15 May 2015
Slater and Gordon Celebrate 100 Years of Women in the Police Force
Slater and Gordon Lawyers are proud to support ongoing celebrations of 100 years of women in the police force.
Lawyers from Slater and Gordon’s Manchester office attended the North West Regional Forces conference yesterday along with over 160 police officers from forces around North West England, North Wales and Northern Ireland.
The conference at Sedgley Park Police Training Centre in Prestwich, Manchester was compared by Good Morning Britain presenter John Stapleton and saw a number of key speakers celebrate the historic event. The morning session included an inspiring speech by Humberside Police Chief Constable Justine Curran who, in 2013, became the first woman to lead the force.
Bryn Hughes also spoke at the conference. Bryn is the father of PC Nicola Hughes who was murdered in 2012 along with her colleague PC Fiona Bone whilst responding to a 999 call. Bryn has since established the PC Nicola Hughes Memorial Fund which aims to support young people who have lost a close family member through violent crime. Conference attendees gathered for a minute’s silence was held at 11am in memory of all female police officers who have lost their lives in the line of duty.
Police forces around the country are celebrating 100 years of women in policing. In 1915, Edith Smith was sworn in as a police officer in Lincolnshire and, three years later, the Metropolitan Police directly recruited policewomen for the first time. These women were uniformed officers but ‘unsworn’ and it wasn’t until 1921 until Clara Walkden of Oldham Borough Police became the first known ‘sworn-in’ Police Woman Constable.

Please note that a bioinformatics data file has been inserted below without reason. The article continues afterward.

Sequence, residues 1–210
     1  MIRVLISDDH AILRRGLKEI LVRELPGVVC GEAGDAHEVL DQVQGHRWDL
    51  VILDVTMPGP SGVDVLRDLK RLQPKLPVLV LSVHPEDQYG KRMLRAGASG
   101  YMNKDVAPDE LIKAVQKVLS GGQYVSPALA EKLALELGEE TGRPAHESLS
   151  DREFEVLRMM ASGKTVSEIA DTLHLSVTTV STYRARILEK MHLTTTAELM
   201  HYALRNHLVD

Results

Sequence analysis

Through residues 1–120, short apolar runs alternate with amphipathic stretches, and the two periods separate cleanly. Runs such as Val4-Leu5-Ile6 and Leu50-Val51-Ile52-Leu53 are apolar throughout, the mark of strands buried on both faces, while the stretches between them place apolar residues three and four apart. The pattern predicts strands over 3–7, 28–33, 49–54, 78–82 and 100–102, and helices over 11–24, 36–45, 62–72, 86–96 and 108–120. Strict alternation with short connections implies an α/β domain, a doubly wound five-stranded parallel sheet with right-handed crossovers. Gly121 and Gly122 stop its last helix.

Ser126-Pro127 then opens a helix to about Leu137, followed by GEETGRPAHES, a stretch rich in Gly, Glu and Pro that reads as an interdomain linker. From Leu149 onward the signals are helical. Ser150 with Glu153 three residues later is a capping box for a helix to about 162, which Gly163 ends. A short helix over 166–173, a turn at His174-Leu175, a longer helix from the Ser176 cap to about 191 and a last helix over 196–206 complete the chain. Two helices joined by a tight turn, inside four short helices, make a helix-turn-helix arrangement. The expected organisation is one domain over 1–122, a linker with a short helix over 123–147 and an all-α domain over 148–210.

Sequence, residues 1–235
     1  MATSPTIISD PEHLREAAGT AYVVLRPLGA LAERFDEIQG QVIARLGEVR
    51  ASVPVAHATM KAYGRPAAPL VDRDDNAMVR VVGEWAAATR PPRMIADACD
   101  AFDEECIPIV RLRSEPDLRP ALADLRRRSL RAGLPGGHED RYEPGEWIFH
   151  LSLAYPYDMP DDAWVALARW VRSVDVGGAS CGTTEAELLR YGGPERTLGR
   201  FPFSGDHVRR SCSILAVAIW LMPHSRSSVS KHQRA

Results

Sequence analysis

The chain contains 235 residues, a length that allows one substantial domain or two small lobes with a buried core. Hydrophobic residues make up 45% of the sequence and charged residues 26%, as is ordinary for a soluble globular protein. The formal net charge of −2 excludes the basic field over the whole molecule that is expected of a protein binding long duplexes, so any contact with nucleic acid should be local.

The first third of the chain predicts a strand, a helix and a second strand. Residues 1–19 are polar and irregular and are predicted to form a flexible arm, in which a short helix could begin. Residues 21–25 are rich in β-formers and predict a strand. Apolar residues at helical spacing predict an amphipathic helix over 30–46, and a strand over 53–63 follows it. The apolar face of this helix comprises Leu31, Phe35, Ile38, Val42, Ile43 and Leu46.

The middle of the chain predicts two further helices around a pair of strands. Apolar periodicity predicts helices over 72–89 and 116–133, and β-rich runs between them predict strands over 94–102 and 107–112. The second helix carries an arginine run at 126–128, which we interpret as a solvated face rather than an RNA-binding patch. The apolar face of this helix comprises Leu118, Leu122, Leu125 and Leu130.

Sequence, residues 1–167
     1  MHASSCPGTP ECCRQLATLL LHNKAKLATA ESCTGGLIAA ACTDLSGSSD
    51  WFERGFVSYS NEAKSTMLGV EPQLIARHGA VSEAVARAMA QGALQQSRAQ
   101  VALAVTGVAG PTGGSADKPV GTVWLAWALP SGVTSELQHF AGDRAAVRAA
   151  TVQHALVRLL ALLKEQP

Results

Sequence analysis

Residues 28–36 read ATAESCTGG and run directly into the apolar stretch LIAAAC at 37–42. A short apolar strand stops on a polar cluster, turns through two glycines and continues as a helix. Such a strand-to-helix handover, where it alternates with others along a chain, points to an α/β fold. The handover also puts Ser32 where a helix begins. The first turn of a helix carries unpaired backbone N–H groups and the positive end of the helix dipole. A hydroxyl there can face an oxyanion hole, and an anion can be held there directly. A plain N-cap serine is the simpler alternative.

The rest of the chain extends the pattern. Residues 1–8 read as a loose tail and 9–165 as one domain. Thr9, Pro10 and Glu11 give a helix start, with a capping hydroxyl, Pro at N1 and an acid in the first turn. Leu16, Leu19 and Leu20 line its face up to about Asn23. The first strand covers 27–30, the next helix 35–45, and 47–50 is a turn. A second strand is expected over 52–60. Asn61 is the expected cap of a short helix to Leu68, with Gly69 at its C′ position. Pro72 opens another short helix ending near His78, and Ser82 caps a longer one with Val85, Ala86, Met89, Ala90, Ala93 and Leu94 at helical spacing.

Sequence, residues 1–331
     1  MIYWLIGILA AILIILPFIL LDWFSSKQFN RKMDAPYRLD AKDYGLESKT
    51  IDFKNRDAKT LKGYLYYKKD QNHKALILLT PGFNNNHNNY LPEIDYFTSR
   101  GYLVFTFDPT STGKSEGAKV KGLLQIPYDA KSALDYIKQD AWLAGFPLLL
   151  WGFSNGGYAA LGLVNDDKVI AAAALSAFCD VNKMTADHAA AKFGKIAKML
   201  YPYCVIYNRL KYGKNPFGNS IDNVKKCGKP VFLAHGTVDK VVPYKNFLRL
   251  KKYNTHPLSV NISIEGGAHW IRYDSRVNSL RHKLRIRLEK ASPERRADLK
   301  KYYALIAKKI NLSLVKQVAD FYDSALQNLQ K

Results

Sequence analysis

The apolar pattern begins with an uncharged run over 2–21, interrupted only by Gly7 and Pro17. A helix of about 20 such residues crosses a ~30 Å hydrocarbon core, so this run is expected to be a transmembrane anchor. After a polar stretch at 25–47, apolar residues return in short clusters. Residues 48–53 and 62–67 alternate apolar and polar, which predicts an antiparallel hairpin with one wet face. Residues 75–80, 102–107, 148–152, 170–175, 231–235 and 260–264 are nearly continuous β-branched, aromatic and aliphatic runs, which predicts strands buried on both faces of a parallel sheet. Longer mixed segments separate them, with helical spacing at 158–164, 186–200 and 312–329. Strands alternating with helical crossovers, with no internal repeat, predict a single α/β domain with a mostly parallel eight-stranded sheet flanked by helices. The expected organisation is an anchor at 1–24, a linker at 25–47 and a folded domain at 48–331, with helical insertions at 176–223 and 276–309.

This didn’t kick-start a trend, unfortunately, as women in the police continued to face discrimination for some time. Twenty years after Clara Walkden’s appointment, the then-Home Secretary Sir John Anderson considered police duty to be a “man’s job” and suggested that “such work as driving cars, typewriting and attending the telephone” were more suitable duties for women serving in the police force.
Thankfully, the end of the Second World War saw a steady rise in women joining the police service as female constables and, in 1975, the Sex Discrimination Act abolished separate policewomen’s departments and opened up equal pay and career opportunities to women.
20 years later, in 1995, Pauline Clare QPM became the first female Chief Constable at Lancashire Constabulary. Today, there are over 35,000 female polices officers serving across the 43 police forces of England and Wales.
Slater and Gordon are proud to support 100 years of women in policing and it was a privilege to attend the North West Regional Forces conference. Slater and Gordon sold commemorative pin badges at the event in support of the PC Nicola Hughes Memorial Fund.
Slater and Gordon Lawyers have provided expert legal services to police officers for over 50 years and work alongside the police force in helping victims of road traffic collisions.
For more information, call us on 0808 175 8000 or contact us online.
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